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RFC: allow new upstream into stable when it's the only way to fix security issues.


As it is being currently discussed on debian-security [1], security team 
has hard times supporting mozilla family of packages, because of 
unfriendly upstream policy - they don't want to isolate security fixes 
from a large changesets of new upstream releases. And given the huge size 
of the package, isolating security patches at Debian level also fails.

So options seem to be:

(1) keep vulnerable packages in stable,
(2) remove affected packages from distribution,
(3) allow new upstream into stable.

(1) is how it was done in woody times; however I think that most people 
agree that it is a very bad option to keep users' systems vulnerable.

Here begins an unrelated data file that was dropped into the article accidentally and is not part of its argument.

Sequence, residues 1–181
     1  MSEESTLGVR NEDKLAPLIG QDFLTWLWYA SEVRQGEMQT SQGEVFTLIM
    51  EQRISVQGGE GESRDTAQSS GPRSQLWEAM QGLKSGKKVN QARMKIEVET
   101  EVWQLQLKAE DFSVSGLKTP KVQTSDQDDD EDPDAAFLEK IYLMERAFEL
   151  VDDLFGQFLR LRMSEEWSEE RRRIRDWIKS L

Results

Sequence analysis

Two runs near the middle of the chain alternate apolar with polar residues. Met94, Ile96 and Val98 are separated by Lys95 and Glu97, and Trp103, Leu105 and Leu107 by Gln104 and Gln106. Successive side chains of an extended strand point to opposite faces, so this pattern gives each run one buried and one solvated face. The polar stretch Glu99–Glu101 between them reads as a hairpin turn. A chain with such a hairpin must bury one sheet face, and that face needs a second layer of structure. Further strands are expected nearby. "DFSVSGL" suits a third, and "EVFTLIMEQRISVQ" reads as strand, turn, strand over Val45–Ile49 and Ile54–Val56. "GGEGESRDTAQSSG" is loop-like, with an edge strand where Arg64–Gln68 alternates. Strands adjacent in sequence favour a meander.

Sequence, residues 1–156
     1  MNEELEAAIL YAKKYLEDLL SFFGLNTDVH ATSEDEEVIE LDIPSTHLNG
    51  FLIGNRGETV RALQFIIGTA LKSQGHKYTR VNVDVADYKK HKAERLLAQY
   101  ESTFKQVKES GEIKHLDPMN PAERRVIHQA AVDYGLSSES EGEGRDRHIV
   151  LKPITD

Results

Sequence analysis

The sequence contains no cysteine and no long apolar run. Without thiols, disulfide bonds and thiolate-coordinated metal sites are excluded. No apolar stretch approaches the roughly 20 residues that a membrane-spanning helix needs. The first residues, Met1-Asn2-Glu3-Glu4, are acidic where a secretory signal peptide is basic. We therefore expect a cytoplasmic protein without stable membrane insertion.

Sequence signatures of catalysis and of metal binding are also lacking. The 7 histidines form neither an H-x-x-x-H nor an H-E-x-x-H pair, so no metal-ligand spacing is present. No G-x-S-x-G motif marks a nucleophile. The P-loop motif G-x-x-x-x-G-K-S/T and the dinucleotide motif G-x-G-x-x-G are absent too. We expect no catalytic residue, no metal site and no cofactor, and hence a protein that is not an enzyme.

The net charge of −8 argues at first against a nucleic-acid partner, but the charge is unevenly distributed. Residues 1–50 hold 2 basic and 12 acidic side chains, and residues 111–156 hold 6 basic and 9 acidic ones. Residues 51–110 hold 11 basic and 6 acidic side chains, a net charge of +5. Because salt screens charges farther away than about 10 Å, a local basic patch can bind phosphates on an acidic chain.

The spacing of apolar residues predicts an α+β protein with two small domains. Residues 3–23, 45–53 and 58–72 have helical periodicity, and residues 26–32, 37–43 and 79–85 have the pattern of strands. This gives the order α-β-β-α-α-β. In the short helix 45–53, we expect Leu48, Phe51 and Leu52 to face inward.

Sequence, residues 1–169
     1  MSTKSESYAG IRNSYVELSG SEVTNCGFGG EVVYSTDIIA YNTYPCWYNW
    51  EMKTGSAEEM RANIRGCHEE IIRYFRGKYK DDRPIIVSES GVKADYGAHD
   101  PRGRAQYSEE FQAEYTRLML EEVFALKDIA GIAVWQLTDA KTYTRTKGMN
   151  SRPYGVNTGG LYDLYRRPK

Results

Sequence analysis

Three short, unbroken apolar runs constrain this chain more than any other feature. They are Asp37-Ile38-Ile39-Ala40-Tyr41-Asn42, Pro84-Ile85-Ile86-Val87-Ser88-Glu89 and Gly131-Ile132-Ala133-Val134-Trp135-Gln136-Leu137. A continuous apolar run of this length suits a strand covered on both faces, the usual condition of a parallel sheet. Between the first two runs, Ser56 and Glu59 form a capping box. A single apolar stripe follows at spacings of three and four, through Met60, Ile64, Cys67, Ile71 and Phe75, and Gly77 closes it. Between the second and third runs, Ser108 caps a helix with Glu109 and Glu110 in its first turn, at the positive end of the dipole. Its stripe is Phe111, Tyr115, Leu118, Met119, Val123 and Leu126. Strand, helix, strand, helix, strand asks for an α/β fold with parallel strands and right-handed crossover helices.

(2) may be a solution - but since mozilla and related packages (firefox, 
thunderbird, galeon) are widely used, removing those looks like a serious 
violation of SC ("debian supports it's users").

(3) is against the way how Debian used to work for years. However, isn't it 
the time to tune our processes to keep with real-world issues better?

Maybe in rare cases like this one, when these seems to be no other way to 
keep important package set secure, we should allow new upstream into 
Debain Stable?
This should be extremely rare situation; probably approval from the 
Technical Comettie should be needed in each case.

What do you think on this?

[1] http://lists.debian.org/debian-security/2005/07/msg00315.html

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